Taken together, the evidence suggests that RSA traits can be harnessed to help improve sweetpotato tolerance to M. incognita infection. However, the incorporation of RSA as a breeding objective is subject to practical difficulties associated with the lack of tools for monitoring and visualizing RSA development and screening for such traits under field conditions (Villordon et al., 2014). The root scanning and WinRHIZO-based image analysis approach used in the present study is time-consuming and tedious, suitable for detailed root architecture and plant stress or physiology studies (Pang et al., 2011), but not appropriate for screening large numbers of entries associated with a breeding program. However, an alternative method has been developed for rapidly measuring root volume using water displacement (Pang et al., 2011), and there are ongoing studies to develop noninvasive imaging approaches for monitoring and visualizing RSA development based on X-ray computed tomography and magnetic resonance imaging technologies (Spalding and Miller, 2013). Noninvasive imaging methods are essential tools not only for crop improvement but also for functional genomics research that will help shed light on the genetics and physiology of compensatory root growth in response to nematode infection.

Conclusions

We have generated evidence that corroborates past data regarding the existence of inherent genotypic variation in RSA attributes in sweetpotato. We have also corroborated findings in other crop species that M. incognita infection leads to genotype-specific modification of RSA attributes such as root volume and LR length. In the present study, the highly resistant ‘Bayou Belle’ demonstrated this compensatory root growth through increased LR length in response to an intermediate level of RKN infection. Taken together, the evidence suggests that RSA can be manipulated to increase resistance to biotic stress such as nematode infection. The integration of RSA traits into current breeding programs will depend on the development and availability of tools that permit routine screening of desirable root architecture traits.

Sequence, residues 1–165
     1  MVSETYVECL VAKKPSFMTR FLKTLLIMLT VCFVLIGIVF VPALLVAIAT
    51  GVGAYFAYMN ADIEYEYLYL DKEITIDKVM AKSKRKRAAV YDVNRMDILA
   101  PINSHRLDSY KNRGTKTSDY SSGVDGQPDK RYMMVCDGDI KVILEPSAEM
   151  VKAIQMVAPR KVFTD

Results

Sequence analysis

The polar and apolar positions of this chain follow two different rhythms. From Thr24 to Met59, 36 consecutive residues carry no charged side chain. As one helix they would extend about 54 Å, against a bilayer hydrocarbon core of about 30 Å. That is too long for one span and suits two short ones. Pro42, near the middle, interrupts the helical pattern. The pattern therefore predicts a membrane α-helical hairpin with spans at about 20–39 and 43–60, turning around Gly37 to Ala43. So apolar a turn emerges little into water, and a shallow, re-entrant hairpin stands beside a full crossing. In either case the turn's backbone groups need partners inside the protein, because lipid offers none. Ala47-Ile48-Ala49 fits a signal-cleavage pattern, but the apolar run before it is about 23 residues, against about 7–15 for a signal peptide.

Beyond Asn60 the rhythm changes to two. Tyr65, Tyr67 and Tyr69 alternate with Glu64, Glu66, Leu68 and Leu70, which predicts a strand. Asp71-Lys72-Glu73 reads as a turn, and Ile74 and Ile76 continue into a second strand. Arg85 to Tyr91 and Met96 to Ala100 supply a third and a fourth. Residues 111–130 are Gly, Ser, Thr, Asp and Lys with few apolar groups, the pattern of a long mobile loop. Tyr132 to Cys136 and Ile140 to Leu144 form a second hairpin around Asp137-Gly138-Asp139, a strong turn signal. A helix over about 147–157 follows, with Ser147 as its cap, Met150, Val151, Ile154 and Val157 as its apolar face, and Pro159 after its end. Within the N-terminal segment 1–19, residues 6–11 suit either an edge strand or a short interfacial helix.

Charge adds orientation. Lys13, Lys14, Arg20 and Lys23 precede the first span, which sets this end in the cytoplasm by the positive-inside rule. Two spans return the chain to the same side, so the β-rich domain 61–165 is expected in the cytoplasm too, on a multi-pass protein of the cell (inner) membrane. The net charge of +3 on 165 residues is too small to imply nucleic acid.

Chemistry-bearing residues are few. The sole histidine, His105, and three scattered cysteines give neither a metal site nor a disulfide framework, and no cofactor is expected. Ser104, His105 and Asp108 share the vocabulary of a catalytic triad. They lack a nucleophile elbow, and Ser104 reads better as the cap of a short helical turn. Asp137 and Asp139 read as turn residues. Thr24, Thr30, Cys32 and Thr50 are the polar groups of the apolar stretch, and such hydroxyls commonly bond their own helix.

Literature Cited

  • CasimiroI.BeeckmanT.GrahamN.BhaleraoR.ZhangH.CaseroP.SandbergG.BennettM.2003Dissecting arabidopsis lateral root developmentTrends Plant Sci.8165171

    • Search Google Scholar
    • Export Citation
  • Cervantes-FloresJ.C.YenchoG.C.DavisE.L.2002Host reactions of sweetpotato genotypes to root-knot nematodes and variation in virulence of Meloidogyne incognita populationsHortScience3711121116

    • Search Google Scholar
    • Export Citation
  • Cervantes-FloresJ.C.YenchoG.C.PecotaK.V.SosinskiB.MwangaR.O.2008Detection of quantitative trait loci and inheritance of root-knot nematode resistance in sweetpotatoJ. Amer. Soc. Hort. Sci.133844851

    • Search Google Scholar
    • Export Citation
  • DubrovskyJ.G.FordeB.G.2012Quantitative analysis of lateral root development: Pitfalls and how to avoid themPlant Cell24414

  • DukesP.D.BohacJ.R.MuellerJ.D.1994Resistance in sweetpotato to root-knot nematode: Its value and other benefitsHortScience29726(abstr.)

    • Search Google Scholar
    • Export Citation
  • HaaseS.RuessL.NeumannG.MarhanS.KandelerE.2007Low-level herbivory by root-knot nematodes (Meloidogyne incognita) modifies root hair morphology and rhizodeposition in host plants (Hordeum vulgare)Plant Soil301151164

    • Search Google Scholar
    • Export Citation
  • JohnsonA.W.NusbaumC.J.1970Interactions between Meloidogyne incognita, M. hapla, and Pratylenchus brachyurus in tobaccoJ. Nematol.2334340

    • Search Google Scholar
    • Export Citation
  • La BonteD.R.WilsonP.W.VillordonA.Q.ClarkC.A.2008‘Evangeline’ sweetpotatoHortScience43258259

  • LaBonteD.R.VillordonA.Q.SmithT.ClarkC.A.2013U.S. Patent No. PP23785. U.S. Patent and Trademark Office Washington DC